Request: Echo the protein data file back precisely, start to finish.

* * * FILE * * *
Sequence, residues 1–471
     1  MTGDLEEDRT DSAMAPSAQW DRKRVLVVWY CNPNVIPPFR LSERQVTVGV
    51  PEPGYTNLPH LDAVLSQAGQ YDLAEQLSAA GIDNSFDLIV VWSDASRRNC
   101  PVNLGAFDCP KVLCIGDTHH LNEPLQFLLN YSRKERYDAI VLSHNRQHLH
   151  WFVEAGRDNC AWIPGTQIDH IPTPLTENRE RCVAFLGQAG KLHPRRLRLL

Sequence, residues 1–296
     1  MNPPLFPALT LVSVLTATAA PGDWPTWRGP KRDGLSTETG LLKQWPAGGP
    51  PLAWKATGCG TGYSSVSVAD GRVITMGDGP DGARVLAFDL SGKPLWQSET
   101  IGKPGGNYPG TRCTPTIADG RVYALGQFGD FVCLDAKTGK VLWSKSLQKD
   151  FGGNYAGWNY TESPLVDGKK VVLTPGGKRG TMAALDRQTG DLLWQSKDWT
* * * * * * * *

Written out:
Sequence, residues 1–471
     1  MTGDLEEDRT DSAMAPSAQW DRKRVLVVWY CNPNVIPPFR LSERQVTVGV
    51  PEPGYTNLPH LDAVLSQAGQ YDLAEQLSAA GIDNSFDLIV VWSDASRRNC
   101  PVNLGAFDCP KVLCIGDTHH LNEPLQFLLN YSRKERYDAI VLSHNRQHLH
   151  WFVEAGRDNC AWIPGTQIDH IPTPLTENRE RCVAFLGQAG KLHPRRLRLL

Sequence, residues 1–296
     1  MNPPLFPALT LVSVLTATAA PGDWPTWRGP KRDGLSTETG LLKQWPAGGP
    51  PLAWKATGCG TGYSSVSVAD GRVITMGDGP DGARVLAFDL SGKPLWQSET
   101  IGKPGGNYPG TRCTPTIADG RVYALGQFGD FVCLDAKTGK VLWSKSLQKD
   151  FGGNYAGWNY TESPLVDGKK VVLTPGGKRG TMAALDRQTG DLLWQSKDWT